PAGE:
Trying to get people to come downtown is a conceptual error. It leads to foolishness like the idea that what downtown needs is broader one-way streets or more parking. It conceives of the city as a kind of theme park for suburbanites to visit and 'experience'.
It also runs up against physics. The only way to make room for more lanes and more parking is to take out actual destinations - and without destinations, there's no point in going downtown no matter how easy it is to do so.
Lots of parking, but no destinations (RTH file photo)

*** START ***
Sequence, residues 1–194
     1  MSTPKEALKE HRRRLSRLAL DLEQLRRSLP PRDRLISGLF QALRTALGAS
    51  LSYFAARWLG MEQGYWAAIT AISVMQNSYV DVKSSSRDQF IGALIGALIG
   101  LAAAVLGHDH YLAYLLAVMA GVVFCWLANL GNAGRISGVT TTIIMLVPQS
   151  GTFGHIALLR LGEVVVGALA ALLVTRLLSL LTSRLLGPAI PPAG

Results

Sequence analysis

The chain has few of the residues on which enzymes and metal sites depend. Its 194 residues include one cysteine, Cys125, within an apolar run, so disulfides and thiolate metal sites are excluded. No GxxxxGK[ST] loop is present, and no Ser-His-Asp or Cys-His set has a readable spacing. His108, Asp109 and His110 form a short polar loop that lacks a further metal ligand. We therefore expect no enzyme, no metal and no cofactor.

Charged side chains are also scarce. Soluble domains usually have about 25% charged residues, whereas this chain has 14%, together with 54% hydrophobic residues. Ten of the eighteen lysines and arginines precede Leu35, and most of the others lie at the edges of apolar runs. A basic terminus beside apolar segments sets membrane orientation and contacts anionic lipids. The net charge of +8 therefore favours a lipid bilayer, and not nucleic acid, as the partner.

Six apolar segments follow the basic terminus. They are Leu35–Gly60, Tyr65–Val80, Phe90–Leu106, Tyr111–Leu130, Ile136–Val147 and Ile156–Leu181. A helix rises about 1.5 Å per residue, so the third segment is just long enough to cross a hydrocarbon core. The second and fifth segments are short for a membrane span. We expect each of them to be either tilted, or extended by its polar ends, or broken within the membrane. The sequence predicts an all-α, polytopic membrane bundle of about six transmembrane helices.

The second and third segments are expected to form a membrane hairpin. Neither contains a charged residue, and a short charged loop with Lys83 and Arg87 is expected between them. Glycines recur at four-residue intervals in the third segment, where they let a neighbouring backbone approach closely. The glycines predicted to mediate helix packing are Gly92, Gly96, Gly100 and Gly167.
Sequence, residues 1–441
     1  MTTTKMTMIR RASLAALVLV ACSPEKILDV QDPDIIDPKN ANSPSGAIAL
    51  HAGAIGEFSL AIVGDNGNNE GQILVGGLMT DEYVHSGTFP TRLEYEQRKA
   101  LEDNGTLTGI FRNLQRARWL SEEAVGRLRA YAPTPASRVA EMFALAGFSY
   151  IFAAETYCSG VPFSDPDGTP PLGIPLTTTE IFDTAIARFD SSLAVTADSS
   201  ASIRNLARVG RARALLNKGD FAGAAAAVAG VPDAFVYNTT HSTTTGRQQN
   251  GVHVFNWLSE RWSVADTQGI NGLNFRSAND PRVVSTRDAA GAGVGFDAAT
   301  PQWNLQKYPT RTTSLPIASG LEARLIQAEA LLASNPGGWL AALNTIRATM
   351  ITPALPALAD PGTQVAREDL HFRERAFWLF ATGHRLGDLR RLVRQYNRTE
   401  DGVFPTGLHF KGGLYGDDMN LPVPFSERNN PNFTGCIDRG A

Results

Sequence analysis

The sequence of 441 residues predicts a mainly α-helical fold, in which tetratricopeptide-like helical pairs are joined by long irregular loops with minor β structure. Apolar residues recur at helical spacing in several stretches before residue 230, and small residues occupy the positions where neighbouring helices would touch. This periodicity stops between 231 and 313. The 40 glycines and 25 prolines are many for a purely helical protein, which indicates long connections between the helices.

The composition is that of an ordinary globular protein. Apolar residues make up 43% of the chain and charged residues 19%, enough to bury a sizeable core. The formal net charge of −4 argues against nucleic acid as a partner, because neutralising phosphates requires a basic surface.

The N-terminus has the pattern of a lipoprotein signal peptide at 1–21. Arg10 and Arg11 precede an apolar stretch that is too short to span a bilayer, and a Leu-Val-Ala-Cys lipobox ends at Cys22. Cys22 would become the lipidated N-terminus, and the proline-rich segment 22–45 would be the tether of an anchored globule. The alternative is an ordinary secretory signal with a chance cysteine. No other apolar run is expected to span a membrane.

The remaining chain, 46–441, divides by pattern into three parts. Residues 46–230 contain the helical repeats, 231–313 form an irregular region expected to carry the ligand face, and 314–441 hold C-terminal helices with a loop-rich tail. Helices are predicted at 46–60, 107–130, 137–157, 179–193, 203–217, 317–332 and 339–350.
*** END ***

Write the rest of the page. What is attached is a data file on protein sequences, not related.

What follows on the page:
The right approach - the successful approach - is to cultivate an environment in which people want to be in the first place. If downtown is lively enough, visitors will find their own way in.
The squelchers gnashed their teeth and tore at their hair shirts when Toronto rolled out the landmark King-Spadina plan, asking how on earth people would get there with no parking requirements and lane capacity sacrificed for a streetcar line.
The answer, of course, is that the once-barren neighbourhood's population quadrupled after 1996, with $56 million in new investment just between 2000 and 2007, 700 new jobs, and 230,000 square feet of property.
These days, visitors are happy to make their way there to enjoy all the livelihood that burst forth once the city stopped smothering it with car-friendly rules.
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